But let's face it, neither of these scenarios is likely to ever happen, so we're left with a third, more feasible option:

3. Dave gets fed up with my inability to change the channel (and subsequent night terrors) and has the Animal Planet blocked from our cable package.

Something tells me I'll be missing a station come tomorrow night.

Tuesday, August 10, 2010

Birthday Block

I'm going to let you in on a little secret: Birthdays have always been my nemeses. Don't get me wrong, I don't hate them for marking yet another year. I (so far) have had no problems with getting older and in fact quite enjoy celebrating my "receiving day," as I've heard it best described. Further, I truly love congratulating others on adding one more year of wisdom and memories to their repertoire. It brings me great joy to do so. It's just that I'm chronically birthday-challenged. As in, I'm terrible about remembering birthdays. Pathetically so.

(I should note that in other areas, I'm a fully functioning, responsible adult, which is what makes this whole thing that much more baffling...and frustrating.)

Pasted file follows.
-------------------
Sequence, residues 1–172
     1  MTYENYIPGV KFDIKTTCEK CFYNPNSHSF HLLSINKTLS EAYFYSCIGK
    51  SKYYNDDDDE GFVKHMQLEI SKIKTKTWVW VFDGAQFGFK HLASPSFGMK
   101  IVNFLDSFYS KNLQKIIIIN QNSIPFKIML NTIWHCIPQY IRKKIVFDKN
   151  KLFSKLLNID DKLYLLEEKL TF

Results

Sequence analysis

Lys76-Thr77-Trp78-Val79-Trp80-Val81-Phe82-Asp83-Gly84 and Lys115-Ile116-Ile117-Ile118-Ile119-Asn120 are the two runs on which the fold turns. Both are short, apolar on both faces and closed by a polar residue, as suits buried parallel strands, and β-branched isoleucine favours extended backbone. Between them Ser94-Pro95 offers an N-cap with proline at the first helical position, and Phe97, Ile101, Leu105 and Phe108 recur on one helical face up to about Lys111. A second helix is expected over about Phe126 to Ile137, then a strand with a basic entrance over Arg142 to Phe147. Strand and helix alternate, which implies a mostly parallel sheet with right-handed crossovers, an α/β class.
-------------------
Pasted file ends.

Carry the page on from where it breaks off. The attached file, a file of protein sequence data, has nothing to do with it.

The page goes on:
To be fair, I do usually remember that someone's birthday is coming up a few weeks in advance. I think to myself, "Kels, it's time to buy a card that perfectly captures your love and affection for said friend or family member."

And often this works well for me, but things tend to fall apart after that. Once the day grows near, that birthday flies out of my brain faster than my dog chasing a bunny in an open field. One minute I'm on top of things, proudly buying, addressing AND stamping that card, and the next, it's like the birthday never existed. Poof! Black hole of birthday-ness. (The worst was the year I remembered to call only one of the two dear friends who share a birthday. How does that happen??? I could blame it on the fact that I was in college and probably didn't get much sleep the night before, but to be honest it's more likely the work of what I've come to think of as my "birthday block".)